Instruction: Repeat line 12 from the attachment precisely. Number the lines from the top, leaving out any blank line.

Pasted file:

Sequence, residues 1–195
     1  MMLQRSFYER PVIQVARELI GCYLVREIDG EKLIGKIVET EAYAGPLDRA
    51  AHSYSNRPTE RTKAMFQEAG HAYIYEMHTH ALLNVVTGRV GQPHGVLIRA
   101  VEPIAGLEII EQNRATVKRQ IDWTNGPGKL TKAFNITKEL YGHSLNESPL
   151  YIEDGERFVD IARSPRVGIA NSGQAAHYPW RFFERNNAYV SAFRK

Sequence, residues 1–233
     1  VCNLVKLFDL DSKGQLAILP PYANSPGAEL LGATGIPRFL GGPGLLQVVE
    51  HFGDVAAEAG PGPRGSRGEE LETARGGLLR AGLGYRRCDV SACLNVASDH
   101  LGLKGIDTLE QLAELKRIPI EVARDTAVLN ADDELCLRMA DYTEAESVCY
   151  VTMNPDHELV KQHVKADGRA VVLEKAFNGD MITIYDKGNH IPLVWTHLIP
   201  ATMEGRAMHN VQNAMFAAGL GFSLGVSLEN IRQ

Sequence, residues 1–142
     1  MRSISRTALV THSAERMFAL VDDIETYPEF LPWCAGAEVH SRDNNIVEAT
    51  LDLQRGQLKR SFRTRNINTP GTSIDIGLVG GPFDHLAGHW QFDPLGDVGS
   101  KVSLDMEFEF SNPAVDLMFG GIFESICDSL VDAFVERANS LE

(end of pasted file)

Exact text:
Sequence, residues 1–142